Statute of Repose Bill (SF413)
What Does the New Statute of Repose Law Mean for Me?
On April 13, 2017, the Governor signed SF413 into law, which is a law reducing the Statute of Repose applicable to construction claims. This is great news for the Iowa construction industry.
As noted in a prior alert, this law will reduce Iowa's current 15-year Statute of Repose for all claims arising out of a defective or unsafe condition of an improvement to real property to 8 years for commercial construction and 10 years for residential construction. Please note that the law has the following exceptions:
- claims regarding nuclear power plants, interstate pipelines, and fraud/intentional misconduct claims will maintain a 15-year repose period, and
- if the unsafe or defective condition was discovered within one year of the expiration of the new statute of repose period, then the repose period would be extended for one additional year.
When Does the New Statute of Repose Law Take Effect?
The new statute of repose law will take effect on July 1, 2017. The law does not have any retroactive effect. In addition, the law contains an express provision regarding applicability:
Sec. 2. APPLICABILITY. This Act does not apply to an improvement to real property in existence prior to the effective date of this Act or to an improvement to real property, whether construction has begun or not, that is the subject of a binding agreement as of the effective date of this Act.
This means that, if the construction project has not begun as of July 1, 2017 and if your company's construction or design agreement has not yet been executed as of July 1, 2017, then the new, shorter statute of repose will apply to your company.
Conversely, the old 15-year statute of repose applies if either the "improvement to real property" is already "in existence" as of July 1, 2017, or your company has already signed "a binding agreement" regarding the construction project as of July 1, 2017 regardless of whether construction on the project has begun.
Law RE: Commencement of Work Notices for Residential Projects (HF586)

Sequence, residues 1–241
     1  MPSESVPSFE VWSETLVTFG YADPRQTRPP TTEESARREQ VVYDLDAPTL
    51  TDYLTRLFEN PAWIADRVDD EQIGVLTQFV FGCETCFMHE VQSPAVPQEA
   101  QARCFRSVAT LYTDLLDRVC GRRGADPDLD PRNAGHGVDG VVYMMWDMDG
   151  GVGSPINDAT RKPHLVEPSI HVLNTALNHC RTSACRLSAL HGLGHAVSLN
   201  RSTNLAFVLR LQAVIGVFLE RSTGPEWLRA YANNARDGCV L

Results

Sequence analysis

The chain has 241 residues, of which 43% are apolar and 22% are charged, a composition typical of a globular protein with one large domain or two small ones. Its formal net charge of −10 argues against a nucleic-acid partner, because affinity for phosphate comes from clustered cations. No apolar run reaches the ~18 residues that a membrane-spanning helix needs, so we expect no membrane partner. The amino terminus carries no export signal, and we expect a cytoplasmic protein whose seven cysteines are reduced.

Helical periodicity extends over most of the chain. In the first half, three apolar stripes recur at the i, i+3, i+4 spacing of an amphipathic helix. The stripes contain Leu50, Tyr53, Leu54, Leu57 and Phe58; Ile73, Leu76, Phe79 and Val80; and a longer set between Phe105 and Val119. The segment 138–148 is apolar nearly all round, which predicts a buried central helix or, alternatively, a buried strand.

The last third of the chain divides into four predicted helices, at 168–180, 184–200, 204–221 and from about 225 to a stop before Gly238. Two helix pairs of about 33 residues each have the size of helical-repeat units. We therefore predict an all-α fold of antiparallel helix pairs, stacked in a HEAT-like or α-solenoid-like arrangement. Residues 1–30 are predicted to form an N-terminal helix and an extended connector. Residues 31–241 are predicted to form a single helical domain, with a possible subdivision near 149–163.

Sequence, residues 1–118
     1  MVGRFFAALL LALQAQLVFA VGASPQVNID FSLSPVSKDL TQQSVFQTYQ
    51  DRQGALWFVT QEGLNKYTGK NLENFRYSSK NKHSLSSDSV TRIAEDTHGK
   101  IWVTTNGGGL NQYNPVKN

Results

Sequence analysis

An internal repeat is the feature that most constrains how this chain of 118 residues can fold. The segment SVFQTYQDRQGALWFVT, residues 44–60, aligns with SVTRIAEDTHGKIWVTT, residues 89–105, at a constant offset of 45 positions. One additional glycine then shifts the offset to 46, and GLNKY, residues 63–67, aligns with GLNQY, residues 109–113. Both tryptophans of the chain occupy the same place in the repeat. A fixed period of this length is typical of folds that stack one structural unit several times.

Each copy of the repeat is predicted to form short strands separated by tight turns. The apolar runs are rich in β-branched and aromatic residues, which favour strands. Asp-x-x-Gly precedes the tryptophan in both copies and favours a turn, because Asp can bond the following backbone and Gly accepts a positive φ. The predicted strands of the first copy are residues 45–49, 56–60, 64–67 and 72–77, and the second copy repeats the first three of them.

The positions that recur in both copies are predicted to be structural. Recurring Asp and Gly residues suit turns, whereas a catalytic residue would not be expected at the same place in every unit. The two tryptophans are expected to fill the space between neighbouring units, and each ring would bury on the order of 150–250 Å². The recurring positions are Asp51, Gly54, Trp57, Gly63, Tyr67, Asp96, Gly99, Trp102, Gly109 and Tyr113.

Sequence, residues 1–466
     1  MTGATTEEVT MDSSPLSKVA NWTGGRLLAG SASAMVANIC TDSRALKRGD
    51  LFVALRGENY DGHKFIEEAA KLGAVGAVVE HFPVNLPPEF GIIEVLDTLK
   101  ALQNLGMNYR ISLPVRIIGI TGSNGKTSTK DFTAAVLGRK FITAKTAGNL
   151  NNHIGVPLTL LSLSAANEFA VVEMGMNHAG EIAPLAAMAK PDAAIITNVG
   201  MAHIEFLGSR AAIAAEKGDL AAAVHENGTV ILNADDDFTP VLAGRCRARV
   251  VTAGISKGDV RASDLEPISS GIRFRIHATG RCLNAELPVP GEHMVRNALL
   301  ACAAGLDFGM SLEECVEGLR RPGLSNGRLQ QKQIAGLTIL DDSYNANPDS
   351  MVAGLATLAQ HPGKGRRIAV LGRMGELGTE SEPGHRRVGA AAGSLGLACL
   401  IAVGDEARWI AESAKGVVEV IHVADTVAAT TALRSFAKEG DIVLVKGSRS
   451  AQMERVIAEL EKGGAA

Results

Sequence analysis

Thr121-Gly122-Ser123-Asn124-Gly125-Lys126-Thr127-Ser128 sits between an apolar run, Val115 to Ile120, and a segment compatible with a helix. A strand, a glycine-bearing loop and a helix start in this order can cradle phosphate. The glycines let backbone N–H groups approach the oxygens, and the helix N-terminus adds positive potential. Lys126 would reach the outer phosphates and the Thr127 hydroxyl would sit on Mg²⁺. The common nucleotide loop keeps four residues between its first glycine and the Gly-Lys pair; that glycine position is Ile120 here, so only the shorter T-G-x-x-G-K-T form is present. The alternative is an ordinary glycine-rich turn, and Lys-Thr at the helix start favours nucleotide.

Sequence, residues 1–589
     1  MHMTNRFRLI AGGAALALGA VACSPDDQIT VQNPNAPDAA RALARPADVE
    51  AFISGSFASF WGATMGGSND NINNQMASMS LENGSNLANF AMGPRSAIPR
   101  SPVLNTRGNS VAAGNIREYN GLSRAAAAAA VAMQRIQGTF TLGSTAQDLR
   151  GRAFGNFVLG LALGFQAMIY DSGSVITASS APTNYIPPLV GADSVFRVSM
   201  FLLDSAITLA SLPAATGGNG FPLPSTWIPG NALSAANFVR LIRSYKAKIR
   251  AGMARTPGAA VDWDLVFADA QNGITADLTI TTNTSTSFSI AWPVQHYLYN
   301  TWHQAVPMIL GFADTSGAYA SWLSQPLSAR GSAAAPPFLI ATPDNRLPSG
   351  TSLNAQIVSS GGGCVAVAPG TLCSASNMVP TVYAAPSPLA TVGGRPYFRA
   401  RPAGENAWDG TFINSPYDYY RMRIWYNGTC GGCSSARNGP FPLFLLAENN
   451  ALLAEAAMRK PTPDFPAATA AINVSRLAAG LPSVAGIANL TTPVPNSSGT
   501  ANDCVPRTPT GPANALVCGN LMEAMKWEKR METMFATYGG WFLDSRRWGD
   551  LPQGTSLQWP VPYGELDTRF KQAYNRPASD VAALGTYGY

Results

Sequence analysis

What Does the New Pre-Lien Notice Law Mean For My Company?
On April 7, 2017, the Governor signed House File 586 into law. The law takes effect on July 1, 2017. The law expands the category of residential contractors who are required to file the pre-lien notice termed the "Commencement of Work" Notice (or C.O.W. Notice) in order to preserve their mechanic's lien rights on a residential construction project.
As noted in a previous client alert, prior law only required general contractors (i.e., companies directly supplying materials or labor to the homeowner) with subcontractors to file a C.O.W. Notice on the MNLR online registry no later than 10 days from the start of every residential construction project in order to preserve their lien rights. This interpretation of the law was affirmed by the Iowa Court of Appeals in 2016 in the mechanic's lien case of Standard Water v. Jones in which Jodie McDougal represented a residential contractor.
The new law requires all general contractors (that is, all contractors who directly work for a homeowner) to timely file a C.O.W. Notice at the outset of each residential project to preserve their lien rights, regardless of whether subcontractors will be used on the project. Thus, even contractors who self perform all work without any "subcontractors," as well as suppliers who supply directly to homeowners, will now have to timely file this C.O.W. Notice within 10 days of the start of their residential projects to preserve their lien rights.
While this law, which was introduced and supported by those in the lending and closing industries, negatively impacts certain residential contractors by now requiring them to file C.O.W. Notices, the law positively affects those in the lending and closing industries and will streamline their loan closing practices. In particular, by late 2017, lenders and closing agents will likely no longer ask for all lien waivers; instead, they will check the MNLR registry and only be concerned with general contractors and subcontractors who have properly preserved their lien rights through their timely filing of their pre-lien notices.
As of July 1, 2017, all general contractors, subcontractors, and suppliers on residential projects who want to preserve their mechanic's lien rights on residential projects must timely file their C.O.W. Notice (for general contractors and others working directly for an owner) or Preliminary Notice (for subcontractors) at the outset of such projects. Otherwise, all lien rights are lost.
Please contact attorney Jodie McDougal should you have any questions regarding these bills.